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The private sector is hurt by too much government involvement, says Marc Faber
Source: BI-ME , Author: BI-ME staff
Posted: Fri June 3, 2011 8:52 pm

INTERNATIONAL. Marc Faber the Swiss fund manager and Gloom Boom & Doom editor predicted the US fiscal deficit will remain very large and it will mean that over time the US dollar will lose its purchasing power, more money will have to be printed, and additional easy measures will have to take place.

Speaking in an interview with Insider Monkey during the recent Ira Sohn Conference, Faber blamed big government and Barack Obama for the current tumultuous period, characterizing the US President as "by far one of the worst Presidents the US has had" because "none of what he said he would do, mainly change, has actually occurred".

"The priority would be to essentially make the US competitive, but by pursuing expansionary fiscal policies that enlarge the government, you atrophied the private sector," he said.

"The private sector is hurt by too much government involvement, Faber added.
 
Asked about the next election cycle, Faber said he expected Obama to be reelected "because we have some kind of a tyranny of the masses."

"You have essentially more people getting handouts than large tax payers. And so they are huge voting bloc. Then you have the unions, also large voting bloc. And then you have the government officials. They don’t want to have cutbacks in government and be fired".

"It’s very difficult to cut entitlements. In other words, social security, Medicare, and Medicaid because nobody wants to do that. so essentially the fiscal deficit will stay very large and it will mean that over time the US dollar will lose its purchasing power, more money will have to be printed, more quantity of easy measures will have to take place, and so forth," he told Insider Monkey.

Where should investors be?

You shouldn’t own cash and government bonds but you should be in assets like real estate or equities or precious metals or in commodities, Faber advised.
 
"The more negative you are about the world and the geopolitical trends which will lead to war, the more likely it is that you will do better in equities than say in bonds and cash," he stressed.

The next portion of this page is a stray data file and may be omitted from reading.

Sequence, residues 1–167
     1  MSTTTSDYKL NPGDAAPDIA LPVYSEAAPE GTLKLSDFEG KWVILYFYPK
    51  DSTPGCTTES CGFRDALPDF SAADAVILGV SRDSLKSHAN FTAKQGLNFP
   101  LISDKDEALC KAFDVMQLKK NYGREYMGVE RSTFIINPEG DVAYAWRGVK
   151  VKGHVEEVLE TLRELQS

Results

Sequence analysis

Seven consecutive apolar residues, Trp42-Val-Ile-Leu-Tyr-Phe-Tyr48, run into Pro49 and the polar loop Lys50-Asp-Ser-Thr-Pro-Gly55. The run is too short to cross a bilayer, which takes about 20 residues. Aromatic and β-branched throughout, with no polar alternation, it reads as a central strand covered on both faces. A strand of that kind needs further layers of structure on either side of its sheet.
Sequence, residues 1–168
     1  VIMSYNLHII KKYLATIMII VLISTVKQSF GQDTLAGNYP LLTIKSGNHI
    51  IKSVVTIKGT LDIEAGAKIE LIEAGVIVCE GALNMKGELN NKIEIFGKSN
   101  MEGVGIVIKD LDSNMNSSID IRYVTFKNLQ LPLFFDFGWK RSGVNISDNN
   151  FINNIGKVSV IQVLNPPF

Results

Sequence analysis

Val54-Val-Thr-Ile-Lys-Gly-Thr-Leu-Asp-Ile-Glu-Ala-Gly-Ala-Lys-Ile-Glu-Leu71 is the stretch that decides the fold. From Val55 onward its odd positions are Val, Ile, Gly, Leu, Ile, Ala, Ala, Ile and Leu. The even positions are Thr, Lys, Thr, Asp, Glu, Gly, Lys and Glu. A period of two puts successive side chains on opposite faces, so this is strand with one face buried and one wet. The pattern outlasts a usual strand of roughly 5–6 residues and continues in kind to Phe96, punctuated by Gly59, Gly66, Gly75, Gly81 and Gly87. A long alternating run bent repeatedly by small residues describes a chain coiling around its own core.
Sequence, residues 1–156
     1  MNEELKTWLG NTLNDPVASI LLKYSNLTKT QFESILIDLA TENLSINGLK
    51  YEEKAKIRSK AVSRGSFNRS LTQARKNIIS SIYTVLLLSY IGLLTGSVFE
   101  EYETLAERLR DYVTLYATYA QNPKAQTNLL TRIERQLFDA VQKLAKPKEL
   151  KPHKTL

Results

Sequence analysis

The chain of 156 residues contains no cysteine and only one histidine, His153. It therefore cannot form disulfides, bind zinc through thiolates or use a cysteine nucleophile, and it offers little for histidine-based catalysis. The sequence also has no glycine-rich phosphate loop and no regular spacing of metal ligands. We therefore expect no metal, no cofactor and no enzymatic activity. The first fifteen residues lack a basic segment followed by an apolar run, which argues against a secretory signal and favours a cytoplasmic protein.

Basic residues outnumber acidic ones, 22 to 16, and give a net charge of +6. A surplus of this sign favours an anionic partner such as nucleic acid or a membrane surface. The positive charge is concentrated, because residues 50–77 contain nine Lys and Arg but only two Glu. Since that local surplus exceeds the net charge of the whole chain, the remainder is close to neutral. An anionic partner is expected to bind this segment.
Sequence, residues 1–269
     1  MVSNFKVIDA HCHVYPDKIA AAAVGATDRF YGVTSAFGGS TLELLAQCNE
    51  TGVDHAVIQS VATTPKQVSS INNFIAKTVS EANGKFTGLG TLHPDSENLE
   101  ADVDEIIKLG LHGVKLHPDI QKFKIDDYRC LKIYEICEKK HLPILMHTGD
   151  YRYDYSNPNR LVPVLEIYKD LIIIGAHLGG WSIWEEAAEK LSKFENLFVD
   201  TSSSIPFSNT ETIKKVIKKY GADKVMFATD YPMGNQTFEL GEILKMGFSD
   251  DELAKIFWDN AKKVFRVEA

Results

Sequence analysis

In the latest edition of the Gloom Boom & Doom report, Faber reiterates his long-term view about gold and argues that the precious metal can only go higher because of negative real interest rates.

He thinks long-term investors should be exposed to gold because in either scenario they stand to gain....a deflationary collapse is unlikely to hurt gold because the Fed will simply debase the dollar to get nominal prices higher, ....on the other hand, ....if the Fed successfully inflates asset prices, inflation will be in the double-digits, which would be bullish for gold.

Faber recommends a gradual accumulation of gold despite market fluctuations.

He also reiterates his negative dollar view: A temporary bounce in the dollar would be met with more money printing by the Fed, limiting any sustainable gains. The only scenario where you could see a much higher dollar would be nothing short of a worldwide financial collapse, he writes.

Note:  Dr Marc Faber was born in Zurich, Switzerland. He went to school in Geneva and Zurich and finished high school with the Matura. He studied Economics at the University of Zurich and, at the age of 24, obtained a PhD in Economics. Between 1970 and 1978, Dr Faber worked for White Weld & Co in New York, Zurich and Hong Kong.

Since 1973, he has lived in Asia. From 1978 to February 1990, he was the Managing Director of Drexel Burnham Lambert (HK). In June 1990, he set up his own business which acts as an investment advisor and fund manager.

In 2000 Faber decided to spend more time writing his newsletters as well as growing his advisory business. He moved back to his home in Chiang Mai, Thailand, maintaining only a small administrative office in Hong Kong.

Dr Faber publishes a widely read monthly investment newsletter 'The Gloom Boom & Doom Report' which highlights unusual investment opportunities, and is the author of several books.

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MIDDLE EAST BUSINESS COMMENT & ANALYSIS

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